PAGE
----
Heisseliebe - "Hot-Love" From the Dolomite Mountains

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About: I love cooking and craft-work. I write a blog about the cooking part, and add in my travel experiences.

If you go to the Dolomite Mountains in the North-East of Italy, one of the desserts that you have to try is called Heisseliebe, which is German for “hot-love”. It’s a mixture of hot raspberries and cold cream, with vanilla ice-cream. As you probably noticed, the dessert’s name is in German, although it is made just near the border in Italy. As it is close to the border with Austria, there is a really interesting bilingual/bi-cultural phenomenon going on there.

I’m sure than the creators of Hot-love called it that just to make people titter and giggle nervously when they order it in restaurants and cafés, so that the waiters have something to laugh about.

It’s very simple to make: just vanilla ice-cream, cooked raspberries and whipped cream. As with all recipes with very few ingredients, the quality of each thing is very important. Heisseliebe will taste tremendously different if you make it with freshly whipped cream, homemade vanilla ice-cream, and in-season raspberries rather than cream from a can, commercial ice-cream and canned raspberries.

Though, I have to say that both of the resulting desserts will taste wonderful.

Step 1: Ingredients

For 4 people

  • Vanilla ice-cream
  • 500 g Raspberries (4 cups, 17.6 oz)
  • 1 Tbsp White Sugar
  • Double Cream

Note on the raspberries: You can either use all fresh, or a mixture of fresh and frozen, as I did this time that I made the recipe. I used 100 g of fresh and 400 g of frozen. I did this because fresh raspberries are really expensive right now! If you do the same thing, cook the frozen ones and leave the fresh ones whole to scatter over the dessert.

I have not given exact measurements for the ice-cream or the cream, as that really depends on how much of each thing you would like to have.

Step 2: ​Raspberry Preparation

Put the raspberries in a small saucepan with the sugar, saving a few for decoration.

Heat them until they start to boil.

Take them off the heat and gently mash them with the back of a spoon or fork.

Step 3: ​Ice-cream Preparation

Either use a good commercial vanilla ice-cream, or make it yourself if you own an ice-cream maker.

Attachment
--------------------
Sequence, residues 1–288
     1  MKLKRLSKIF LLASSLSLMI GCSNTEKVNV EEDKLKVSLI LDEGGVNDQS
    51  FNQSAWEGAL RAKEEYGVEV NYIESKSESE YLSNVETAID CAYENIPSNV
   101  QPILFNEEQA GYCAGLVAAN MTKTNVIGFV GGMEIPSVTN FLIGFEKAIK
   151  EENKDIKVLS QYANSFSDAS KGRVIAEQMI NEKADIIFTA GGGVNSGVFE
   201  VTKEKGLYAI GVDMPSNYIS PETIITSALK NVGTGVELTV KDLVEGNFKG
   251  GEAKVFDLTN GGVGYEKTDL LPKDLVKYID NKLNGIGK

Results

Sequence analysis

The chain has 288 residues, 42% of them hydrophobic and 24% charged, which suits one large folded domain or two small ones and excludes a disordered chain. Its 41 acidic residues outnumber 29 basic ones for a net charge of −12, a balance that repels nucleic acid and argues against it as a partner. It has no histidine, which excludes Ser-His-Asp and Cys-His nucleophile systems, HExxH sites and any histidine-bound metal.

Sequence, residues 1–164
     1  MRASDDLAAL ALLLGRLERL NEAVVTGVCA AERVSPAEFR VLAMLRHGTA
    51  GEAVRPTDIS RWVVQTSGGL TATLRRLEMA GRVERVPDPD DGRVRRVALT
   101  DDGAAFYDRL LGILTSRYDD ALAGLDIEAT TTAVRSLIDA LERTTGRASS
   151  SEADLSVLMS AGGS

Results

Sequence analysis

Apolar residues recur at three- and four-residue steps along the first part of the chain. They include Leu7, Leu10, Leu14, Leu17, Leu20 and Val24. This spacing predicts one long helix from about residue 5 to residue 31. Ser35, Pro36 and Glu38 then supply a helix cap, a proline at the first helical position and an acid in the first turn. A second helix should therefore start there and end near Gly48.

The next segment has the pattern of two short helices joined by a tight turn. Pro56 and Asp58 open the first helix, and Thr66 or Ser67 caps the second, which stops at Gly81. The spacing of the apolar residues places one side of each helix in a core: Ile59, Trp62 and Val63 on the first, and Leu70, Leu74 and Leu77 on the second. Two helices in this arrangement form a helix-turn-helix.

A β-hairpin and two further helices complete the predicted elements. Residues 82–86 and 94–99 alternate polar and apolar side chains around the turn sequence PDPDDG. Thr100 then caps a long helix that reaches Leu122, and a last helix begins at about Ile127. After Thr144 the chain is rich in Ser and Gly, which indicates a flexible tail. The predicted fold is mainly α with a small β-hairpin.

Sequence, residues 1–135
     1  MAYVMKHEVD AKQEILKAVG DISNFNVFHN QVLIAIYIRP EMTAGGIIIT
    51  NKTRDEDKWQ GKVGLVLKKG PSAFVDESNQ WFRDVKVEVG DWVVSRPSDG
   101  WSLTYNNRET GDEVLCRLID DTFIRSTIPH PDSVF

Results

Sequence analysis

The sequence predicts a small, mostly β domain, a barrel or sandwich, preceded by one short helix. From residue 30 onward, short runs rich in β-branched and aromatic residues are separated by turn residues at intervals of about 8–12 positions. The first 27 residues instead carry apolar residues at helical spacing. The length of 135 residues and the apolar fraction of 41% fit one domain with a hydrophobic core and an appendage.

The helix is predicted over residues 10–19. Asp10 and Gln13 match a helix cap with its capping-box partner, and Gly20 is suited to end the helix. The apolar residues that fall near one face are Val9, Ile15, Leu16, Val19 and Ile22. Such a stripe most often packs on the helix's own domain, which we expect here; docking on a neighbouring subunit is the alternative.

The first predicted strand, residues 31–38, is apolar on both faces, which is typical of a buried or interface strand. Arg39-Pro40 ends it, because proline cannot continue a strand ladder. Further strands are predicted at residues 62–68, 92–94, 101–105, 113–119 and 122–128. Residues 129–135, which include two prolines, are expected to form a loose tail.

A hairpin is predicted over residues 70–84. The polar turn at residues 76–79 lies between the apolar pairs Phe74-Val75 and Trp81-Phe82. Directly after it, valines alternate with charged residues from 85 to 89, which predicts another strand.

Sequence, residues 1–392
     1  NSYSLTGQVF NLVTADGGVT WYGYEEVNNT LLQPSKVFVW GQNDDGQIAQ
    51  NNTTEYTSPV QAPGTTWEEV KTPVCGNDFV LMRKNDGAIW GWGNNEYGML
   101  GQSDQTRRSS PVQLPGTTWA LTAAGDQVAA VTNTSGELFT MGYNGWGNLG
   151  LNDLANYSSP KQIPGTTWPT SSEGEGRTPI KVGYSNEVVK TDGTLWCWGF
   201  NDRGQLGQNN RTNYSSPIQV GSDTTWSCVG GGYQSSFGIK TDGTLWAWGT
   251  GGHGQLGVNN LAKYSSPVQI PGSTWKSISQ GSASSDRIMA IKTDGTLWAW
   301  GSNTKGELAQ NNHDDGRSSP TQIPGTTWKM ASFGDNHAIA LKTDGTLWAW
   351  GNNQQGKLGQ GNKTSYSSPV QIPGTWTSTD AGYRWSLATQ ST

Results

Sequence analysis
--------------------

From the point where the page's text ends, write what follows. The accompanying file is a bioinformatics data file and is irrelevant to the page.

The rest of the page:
I sometimes make an easy vanilla ice-cream with 3/4 cup white sugar, 2 cups cream, 1 cup milk and 1/2 tsp vanilla essence. Mix these ingredients together and churn them in the ice-cream maker. This time around, I used the ice-cream you see in the photo above as I was too lazy to get my ice-cream maker going. :D

Step 4: Cream Preparation

Whip the cream with a whisk or handheld beaters until it becomes thick.

Step 5: ​Dessert Assembly

  • Put one or two scoops of ice-cream in individual bowls.
  • Spoon hot raspberry sauce around the scoops.
  • Add a spoonful or two of whipped cream.
  • Scatter fresh raspberries over the dessert.
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    4 Discussions

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    OutofPatience

    21 days ago

    My Mama used to do a similar dish in my childhood using strawberries (or plums...or peaches...whatever was in season.) I used to think we were simply being ridiculously "decadent", but perhaps it was the influence of the years we spent in Austria when I was a toddler! Who knew?!! At any rate, I still love vanilla ice cream, whipped cream, and fruit fixed like this. Thanks for the reminder!

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    ItaliankiwiblogOutofPatience

    Reply 21 days ago

    I'm glad I could bring back a good memory. I grew up in NZ and for us it was also very "decadent" when we got to have vanilla ice-cream with freshly stewed fruit as dessert! :D

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    Italiankiwiblog

    22 days ago

    Thanks! I'm sure it is wide-spread in those areas. It's so simple, yet tasty, it's bound to be all over that area! I find the border areas of Europe incredibly interesting for their mix of languages and culture. I didn't know about Ladin. I'll have to look it up!

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    t.rohner

    22 days ago on Step 5

    Very nice Instructable and a "hot" desert.
    I like it very much. I actually have seen it in Switzerland, Germany, Austria and Italy.
    By the way, there is a 3rd language spoken in the Dolomites called Ladin.